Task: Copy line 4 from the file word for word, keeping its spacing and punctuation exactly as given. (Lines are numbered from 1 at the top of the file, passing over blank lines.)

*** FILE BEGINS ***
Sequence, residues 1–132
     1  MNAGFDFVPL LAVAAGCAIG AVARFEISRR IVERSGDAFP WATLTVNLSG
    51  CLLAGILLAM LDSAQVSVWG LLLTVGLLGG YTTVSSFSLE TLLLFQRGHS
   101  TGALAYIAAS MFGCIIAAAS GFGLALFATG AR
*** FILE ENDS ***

   101  TGALAYIAAS MFGCIIAAAS GFGLALFATG AR